GROSS: (Laughter).

L MCMURTRY: So it's rather odd. I've inundated that little town with fiction. And, you know, people don't - most people think that they must be some character in one of the books, they're not quite sure which. And, yeah, it's unusual.

GROSS: That's funny because I think the reaction to "The Last Picture Show" was pretty bad when it was first published, the reaction in your town, because of the sexuality in the book.

L MCMURTRY: That's a little overblown...

GROSS: Is it?

L MCMURTRY: ...Actually, that's because journalists have to have something to write about. And the Baptist minister, indeed, was offended by the movie and one or two other people in town. But, in fact, a lot of people in the town worked on the movie and saw what was happening. A lot of - and, you know, even then in 1971, it brought three or 4 million - it brought about, you know, a million dollars into the town. In a time like that, that county, which, I suppose, was cattle country when my grandparents stopped there in 1880, was definitely the oil patch by then. And it depends upon the fluctuation of - fluctuations in oil prices, not cattle prices because cattle prices haven't amounted to anything for - hardly in my lifetime. And I'm 60 years old.

It's the oil patch. And when the oil business is up, it's - you know, it flourishes a little bit. And I've been buying building after building and putting, you know, books in them. The townspeople, I think, are slightly alarmed. But, in fact, nobody but me wants those buildings. And, you know, the town is down to a hardware store and a drugstore, doesn't have a hospital anymore. And it has a couple of filling stations, a hardware store and a drug store, you know, and an abstract company and a bank. And that's about it. If there's any other services in Archer City, they're oil-related services, not cattle.

GROSS: You know, I was thinking maybe we'd end the interview with a song by your son, James, who's a singer-songwriter. Do you see his songs connected to your writing in any way?

L MCMURTRY: Yeah, I do. I mean, I think James is remarkable in that he's found a way to work that's not my way - that is, he's not a novelist. He's really more of a musician. But I think that the songs reflect a later stage of the same phenomenon, you know, the post - certainly, the post-rural West, even the post small town West, in a way. I think a lot of them are very good songs.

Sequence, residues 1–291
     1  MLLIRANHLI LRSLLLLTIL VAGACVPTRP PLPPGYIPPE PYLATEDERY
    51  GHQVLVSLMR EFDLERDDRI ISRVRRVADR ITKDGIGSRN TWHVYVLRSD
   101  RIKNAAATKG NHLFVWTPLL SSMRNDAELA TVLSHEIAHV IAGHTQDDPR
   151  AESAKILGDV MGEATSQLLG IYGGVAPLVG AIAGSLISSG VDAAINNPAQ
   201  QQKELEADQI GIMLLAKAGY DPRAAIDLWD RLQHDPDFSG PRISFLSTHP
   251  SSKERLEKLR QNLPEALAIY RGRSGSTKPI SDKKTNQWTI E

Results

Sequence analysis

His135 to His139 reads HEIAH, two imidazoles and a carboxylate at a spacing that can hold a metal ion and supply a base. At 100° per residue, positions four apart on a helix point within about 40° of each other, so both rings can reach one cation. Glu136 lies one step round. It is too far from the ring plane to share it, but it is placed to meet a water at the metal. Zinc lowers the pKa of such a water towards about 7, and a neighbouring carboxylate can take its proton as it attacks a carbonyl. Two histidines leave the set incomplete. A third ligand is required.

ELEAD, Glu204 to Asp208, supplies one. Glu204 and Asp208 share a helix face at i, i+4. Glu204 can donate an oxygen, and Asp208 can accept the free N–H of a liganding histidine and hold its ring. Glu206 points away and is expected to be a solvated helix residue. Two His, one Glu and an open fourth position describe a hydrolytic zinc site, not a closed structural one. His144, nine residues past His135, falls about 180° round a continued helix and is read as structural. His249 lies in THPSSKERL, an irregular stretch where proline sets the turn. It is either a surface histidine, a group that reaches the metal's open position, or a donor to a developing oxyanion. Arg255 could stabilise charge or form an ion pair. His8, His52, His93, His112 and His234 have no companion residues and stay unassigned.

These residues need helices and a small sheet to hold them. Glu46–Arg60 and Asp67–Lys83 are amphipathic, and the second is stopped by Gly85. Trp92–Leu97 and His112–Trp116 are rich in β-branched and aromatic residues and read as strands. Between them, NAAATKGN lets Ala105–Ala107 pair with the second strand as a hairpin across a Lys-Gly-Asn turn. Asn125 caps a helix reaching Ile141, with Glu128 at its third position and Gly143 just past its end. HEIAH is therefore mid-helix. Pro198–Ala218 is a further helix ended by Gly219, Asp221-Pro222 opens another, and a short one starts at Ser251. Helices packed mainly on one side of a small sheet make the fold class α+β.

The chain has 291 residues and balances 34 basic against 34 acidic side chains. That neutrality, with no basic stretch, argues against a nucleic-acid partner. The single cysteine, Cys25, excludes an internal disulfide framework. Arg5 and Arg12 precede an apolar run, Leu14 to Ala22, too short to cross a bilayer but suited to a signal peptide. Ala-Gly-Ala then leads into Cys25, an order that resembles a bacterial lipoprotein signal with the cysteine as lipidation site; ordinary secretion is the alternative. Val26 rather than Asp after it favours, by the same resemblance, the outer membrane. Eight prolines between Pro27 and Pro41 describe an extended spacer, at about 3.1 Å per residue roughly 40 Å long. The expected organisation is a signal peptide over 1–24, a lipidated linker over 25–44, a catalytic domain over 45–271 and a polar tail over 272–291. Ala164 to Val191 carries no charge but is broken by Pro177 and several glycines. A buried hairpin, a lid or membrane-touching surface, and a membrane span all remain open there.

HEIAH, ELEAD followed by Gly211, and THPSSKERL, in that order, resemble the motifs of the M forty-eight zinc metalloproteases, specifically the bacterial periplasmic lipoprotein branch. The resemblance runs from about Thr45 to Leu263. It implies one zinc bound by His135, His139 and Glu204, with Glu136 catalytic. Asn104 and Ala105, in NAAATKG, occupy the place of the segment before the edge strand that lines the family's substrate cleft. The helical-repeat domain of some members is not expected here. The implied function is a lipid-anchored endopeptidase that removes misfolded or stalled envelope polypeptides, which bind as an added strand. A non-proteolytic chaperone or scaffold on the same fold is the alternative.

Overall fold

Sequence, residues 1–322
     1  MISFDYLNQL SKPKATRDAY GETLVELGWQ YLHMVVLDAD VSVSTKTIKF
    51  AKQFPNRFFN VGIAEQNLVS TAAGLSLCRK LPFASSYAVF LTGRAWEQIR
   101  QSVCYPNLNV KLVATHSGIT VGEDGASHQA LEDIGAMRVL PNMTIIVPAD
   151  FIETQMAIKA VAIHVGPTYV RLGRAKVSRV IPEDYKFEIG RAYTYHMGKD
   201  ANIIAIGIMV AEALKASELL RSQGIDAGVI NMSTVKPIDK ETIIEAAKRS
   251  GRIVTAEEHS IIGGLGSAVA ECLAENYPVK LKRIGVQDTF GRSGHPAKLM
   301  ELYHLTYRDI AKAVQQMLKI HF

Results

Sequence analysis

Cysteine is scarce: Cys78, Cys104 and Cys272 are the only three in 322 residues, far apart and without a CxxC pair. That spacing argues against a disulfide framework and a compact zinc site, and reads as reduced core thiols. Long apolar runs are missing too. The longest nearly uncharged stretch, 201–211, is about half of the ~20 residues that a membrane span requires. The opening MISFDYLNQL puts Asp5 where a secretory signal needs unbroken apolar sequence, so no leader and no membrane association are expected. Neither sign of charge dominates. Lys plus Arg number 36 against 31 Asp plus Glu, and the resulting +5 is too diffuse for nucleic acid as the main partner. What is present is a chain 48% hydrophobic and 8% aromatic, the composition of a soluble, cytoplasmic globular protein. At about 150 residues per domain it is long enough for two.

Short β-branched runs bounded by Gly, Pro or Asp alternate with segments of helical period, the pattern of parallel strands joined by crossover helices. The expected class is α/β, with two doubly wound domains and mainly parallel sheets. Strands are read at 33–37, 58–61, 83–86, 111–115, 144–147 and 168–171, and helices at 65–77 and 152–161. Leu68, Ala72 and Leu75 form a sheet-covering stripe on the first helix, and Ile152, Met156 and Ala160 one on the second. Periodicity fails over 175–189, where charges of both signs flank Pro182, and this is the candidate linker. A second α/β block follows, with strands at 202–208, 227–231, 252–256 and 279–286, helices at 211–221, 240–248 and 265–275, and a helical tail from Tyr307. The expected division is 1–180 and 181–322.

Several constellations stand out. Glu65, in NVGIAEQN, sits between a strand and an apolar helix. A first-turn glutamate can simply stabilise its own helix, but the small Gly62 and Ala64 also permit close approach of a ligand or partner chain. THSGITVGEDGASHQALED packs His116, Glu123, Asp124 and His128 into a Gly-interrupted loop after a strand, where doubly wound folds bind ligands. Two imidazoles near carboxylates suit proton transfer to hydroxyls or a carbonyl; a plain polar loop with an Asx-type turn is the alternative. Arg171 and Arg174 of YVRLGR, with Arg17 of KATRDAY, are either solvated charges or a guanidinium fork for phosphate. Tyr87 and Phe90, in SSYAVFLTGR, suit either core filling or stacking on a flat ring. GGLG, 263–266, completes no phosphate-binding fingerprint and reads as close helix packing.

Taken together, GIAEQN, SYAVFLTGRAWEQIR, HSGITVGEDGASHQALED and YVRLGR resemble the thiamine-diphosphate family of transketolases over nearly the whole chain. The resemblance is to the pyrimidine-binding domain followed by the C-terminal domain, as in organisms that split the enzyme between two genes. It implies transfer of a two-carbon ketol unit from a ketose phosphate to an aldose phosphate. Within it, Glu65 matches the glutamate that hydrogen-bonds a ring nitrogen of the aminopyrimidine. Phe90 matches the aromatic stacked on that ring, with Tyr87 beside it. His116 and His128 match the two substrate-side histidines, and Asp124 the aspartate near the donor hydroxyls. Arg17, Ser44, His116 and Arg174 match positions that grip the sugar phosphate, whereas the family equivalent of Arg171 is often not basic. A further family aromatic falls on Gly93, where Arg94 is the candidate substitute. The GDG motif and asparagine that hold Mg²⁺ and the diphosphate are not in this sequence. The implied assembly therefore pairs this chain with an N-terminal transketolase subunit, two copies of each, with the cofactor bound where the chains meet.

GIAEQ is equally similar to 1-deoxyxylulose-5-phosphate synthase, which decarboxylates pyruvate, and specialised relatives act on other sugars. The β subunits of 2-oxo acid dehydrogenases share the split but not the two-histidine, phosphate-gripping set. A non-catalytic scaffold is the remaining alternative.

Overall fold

GROSS: I want to thank you very much for talking with us.

L MCMURTRY: Thank you very much. It's been a very good talk.

DAVIES: Larry McMurtry speaking with Terry Gross, recorded in 1995. He died last week at the age of 85. Let's finish with a song by his son, James McMurtry. This is "Levelland," which was one of Larry McMurtry's favorites. I'm Dave Davies. And this is FRESH AIR.


JAMES MCMURTRY: (Singing) Flatter than a tabletop, makes you wonder why they stopped here - wagon must have lost a wheel. Or they lacked an additional one. In the great migration West, separated from the rest - though they might have tried their best, they never caught the sun. So they sunk some roots down in this dirt to keep from blowing off the Earth. They built a town right here. And when the dust had all but cleared, they called it Levelland, the pride of man.



This is FRESH AIR. Actor Christopher Meloni spent 12 seasons playing Detective Elliot Stabler on the TV series "Law & Order: Special Victims Unit" before leaving the show in 2011, but he's back. Last night NBC premiered the latest series of the franchise "Law & Order: Organized Crime." The first episode was a crossover event with "Law & Order: SVU" in which Meloni teamed up with his old partner, Mariska Hargitay as Detective Olivia Benson, who's now a captain. We thought we'd commemorate the reunion by listening to some of my 2019 interview with Meloni. Meloni's also known for playing a sociopathic inmate in the prison drama "Oz," for his work on the series "Homicide" and for his starring role in the sci-fi series "Happy!"


DAVIES: Well, I wanted to talk about "Law & Order," which is probably the role you're, I assume, best known for.


DAVIES: You spent - what? - 12 seasons there. And you worked as Detective Elliot Stabler working on special victims crimes with Mariska Hargitay, playing - she played your partner. Were you guys together the whole time you were there?

MELONI: Yeah, yeah. We screen tested together. We tested for the role together. There were six actors.

DAVIES: So you didn't know each other beforehand?

MELONI: No, no. And...

DAVIES: Why do you think you got the parts?

MELONI: Oh, boy. You know, all the actors who screen-tested were great. But - and this is one of the rare moments when I walked in with Mariska. First of all, we were walking down the hall, and I was telling her joke, telling her a story that was a funny story. And we walked into the room with all the suits and, you know, all the decision-makers. And I said, hold on guys; let me just finish this story. And from that - and - the hutzpah - I thought about it afterwards. But that was the idea. You guys will hold on 'cause we got control of the room. We're in here, and we got control of everything. We're going to control this scene and our characters.

And it was pretty obvious. Even though I hadn't seen what the others had done, I just - I walked out of that room going, wow, that was it.

DAVIES: Well, I wanted to play a clip here. And in this scene, you are, as Detective Stabler, interrogating a child rapist who's been eluding you for years. He's played by Matthew Modine. And the scene begins with you, as Detective Stabler, leaning right into the suspect's face.